Both look great in their own way though. I think Project Cars 2 looks more photorealistic, but Forza 7’s slightly stylized graphics are no slouch either—especially the incredible dynamic sky/weather tech used for last year’s Forza Horizon 3 and then again this year. It’s worth noting also that Project Cars 2 supports VR headsets, if you want that ultimate racing experience (or just really want to stress-test your PC).
I’ve called Destiny 2 “one of the best-looking shooters on PC," and I’m sticking by it. It’s not the most photorealistic—I’d probably give the edge to Battlefield 1 there. But Destiny 2 ($60 on Humble) is packed with detail, from clothing textures to debris to water damage. I’ve spent a lot of time in Destiny 2, and surprising amount of that admiring small details like the way pebbles spill across a doorway. Weird, I know.
It can be beautiful on a macro level too, though. Lighting is one of Destiny 2’s strong suits. Some of its most incredible set piece moments are bolstered by powerful mood lighting—neon hues, eerie and sterile white ambiance for Vex strongholds, or even something as subtle as a shift in color temperature from blue to amber as you cross a mountain peak and walk into the sunlight. The game’s not perfect by any means, but it does look consistently great.
Kingdom Come: Deliverance
A game engine is just a tool, and you can use that tool to do anything—but generally, like a hammer, it’s mostly suited for a specific thing. And CryEngine? It’s mostly suited for making Crysis, a.k.a. ultra-detailed shooters with a lot of foliage.
Kingdom Come: Deliverance ($60 on Humble) is not Crysis. Instead it’s an open-world RPG, a “realistic” recreation of a sliver of medieval Bohemia. And yes, there’s a lot of foliage, but it’s still very weird Warhorse Studios decided to use CryEngine for this project. More power to them, though—Kingdom Come: Deliverance looks absolutely phenomenal at times, especially those dark old-growth forests.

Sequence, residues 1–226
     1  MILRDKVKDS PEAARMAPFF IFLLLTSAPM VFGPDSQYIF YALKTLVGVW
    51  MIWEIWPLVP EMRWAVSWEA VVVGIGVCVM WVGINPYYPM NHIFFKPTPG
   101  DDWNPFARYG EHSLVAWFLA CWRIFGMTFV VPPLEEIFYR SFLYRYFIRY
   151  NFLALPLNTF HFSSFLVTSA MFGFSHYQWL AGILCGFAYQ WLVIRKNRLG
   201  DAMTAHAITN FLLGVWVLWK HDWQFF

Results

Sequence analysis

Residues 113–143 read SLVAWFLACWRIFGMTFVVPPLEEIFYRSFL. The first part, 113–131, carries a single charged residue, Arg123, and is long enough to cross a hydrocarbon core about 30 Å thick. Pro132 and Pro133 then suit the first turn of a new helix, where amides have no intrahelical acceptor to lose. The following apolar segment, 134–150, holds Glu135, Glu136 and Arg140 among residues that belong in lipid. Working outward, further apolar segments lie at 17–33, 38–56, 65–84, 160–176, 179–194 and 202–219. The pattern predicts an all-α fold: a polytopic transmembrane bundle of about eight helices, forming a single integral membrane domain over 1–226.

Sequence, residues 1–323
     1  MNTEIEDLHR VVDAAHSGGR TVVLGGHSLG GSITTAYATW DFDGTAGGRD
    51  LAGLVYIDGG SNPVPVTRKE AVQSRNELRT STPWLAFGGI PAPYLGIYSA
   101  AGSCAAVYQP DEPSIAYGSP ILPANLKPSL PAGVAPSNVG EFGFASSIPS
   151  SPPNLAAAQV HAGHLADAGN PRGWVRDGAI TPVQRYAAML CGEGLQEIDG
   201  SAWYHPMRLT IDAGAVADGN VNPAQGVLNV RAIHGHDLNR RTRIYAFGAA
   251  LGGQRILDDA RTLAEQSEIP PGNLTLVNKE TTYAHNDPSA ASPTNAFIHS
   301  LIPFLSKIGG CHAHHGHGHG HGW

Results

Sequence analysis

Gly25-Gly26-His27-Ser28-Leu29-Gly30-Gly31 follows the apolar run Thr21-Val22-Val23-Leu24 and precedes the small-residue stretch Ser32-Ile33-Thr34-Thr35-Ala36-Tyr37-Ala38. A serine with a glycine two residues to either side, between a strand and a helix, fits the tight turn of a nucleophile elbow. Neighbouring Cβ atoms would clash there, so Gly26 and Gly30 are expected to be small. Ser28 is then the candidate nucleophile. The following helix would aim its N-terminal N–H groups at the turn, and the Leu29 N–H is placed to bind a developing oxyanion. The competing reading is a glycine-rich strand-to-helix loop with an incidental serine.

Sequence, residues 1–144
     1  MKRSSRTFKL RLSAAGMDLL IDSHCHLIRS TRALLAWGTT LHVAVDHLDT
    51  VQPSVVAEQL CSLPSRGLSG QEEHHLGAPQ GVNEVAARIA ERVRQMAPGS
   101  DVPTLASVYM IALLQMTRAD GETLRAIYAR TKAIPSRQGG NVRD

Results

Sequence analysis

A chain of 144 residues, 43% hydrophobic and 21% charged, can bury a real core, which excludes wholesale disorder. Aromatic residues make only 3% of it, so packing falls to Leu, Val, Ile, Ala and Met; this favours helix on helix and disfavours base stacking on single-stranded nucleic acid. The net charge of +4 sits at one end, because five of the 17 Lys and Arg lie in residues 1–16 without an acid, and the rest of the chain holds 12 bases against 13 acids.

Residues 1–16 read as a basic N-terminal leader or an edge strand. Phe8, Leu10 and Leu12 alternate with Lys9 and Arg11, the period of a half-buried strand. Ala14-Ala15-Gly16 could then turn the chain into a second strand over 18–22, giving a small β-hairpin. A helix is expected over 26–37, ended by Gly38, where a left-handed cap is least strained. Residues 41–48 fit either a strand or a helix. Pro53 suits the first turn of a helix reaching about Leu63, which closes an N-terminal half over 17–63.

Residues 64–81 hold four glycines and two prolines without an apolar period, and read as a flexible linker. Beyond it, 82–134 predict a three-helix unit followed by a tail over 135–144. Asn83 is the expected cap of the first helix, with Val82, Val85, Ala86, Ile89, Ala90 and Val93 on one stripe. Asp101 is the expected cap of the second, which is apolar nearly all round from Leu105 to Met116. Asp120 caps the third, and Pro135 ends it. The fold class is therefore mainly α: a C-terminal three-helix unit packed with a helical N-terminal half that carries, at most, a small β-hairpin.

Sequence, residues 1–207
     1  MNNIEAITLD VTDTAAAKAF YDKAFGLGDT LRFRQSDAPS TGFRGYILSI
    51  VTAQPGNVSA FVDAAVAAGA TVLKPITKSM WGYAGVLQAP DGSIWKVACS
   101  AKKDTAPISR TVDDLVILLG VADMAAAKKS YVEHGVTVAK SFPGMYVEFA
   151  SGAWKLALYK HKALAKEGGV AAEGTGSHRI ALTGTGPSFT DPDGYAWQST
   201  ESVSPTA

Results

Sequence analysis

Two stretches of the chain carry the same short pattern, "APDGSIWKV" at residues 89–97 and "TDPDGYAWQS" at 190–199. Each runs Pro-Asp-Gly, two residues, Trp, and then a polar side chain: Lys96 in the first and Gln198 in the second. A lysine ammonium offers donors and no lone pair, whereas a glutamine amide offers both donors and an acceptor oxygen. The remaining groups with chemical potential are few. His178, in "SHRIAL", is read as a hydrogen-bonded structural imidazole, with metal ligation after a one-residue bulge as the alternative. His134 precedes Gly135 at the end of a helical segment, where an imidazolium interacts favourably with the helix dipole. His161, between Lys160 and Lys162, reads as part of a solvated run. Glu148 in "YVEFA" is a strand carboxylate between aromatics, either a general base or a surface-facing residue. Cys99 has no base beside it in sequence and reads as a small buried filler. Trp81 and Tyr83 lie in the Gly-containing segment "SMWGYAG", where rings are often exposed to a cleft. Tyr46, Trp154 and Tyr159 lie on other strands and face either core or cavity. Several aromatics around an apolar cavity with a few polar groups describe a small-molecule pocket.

Call of Duty: WWII
“A Call of Duty game on a Best Graphics list?” I know, surprising. The various Call of Duty studios have really stepped it up in the last few years, though, and the results in both 2016’s Infinite Warfare and 2017’s WWII are pretty stunning.
You still get the occasional blurry texture or low-res model, but many of WWII’s scenes are downright stunning—from the requisite Omaha Beach mission to the way trees literally explode in the Hurtgen Forest.
But it’s the faces that are most impressive. We still haven’t quite escaped the uncanny valley, but Call of Duty: WWII ($60 on Humble) is still pretty damn impressive. Characters convey emotion with eyebrow-raises, grimaces, and other subtleties that were unheard of a few years ago. Well, unheard of aside from L.A. Noire.
Hellblade: Senua's Sacrifice
Call of Duty: WWII’s not the only game to push facial tech forward in 2017. Hellblade: Senua’s Sacrifice ($30 on Humble) deserves to be on the list too. In fact, Senua’s probably the closest I’ve seen a game come to escaping the uncanny valley. We’re still not quite there—quality varies scene to scene, and her eyes still look like dead doll eyes—but wow it’s impressive. And done by a small team, too!
The rest of the game can be just as impressive. Senua fights her way through burning villages, rivers of blood, and more on this journey through Viking mythology. It’s jaw-dropping at times, and an excellent candidate if you own an Nvidia card and want to test out its game-agnostic photo mode, Ansel.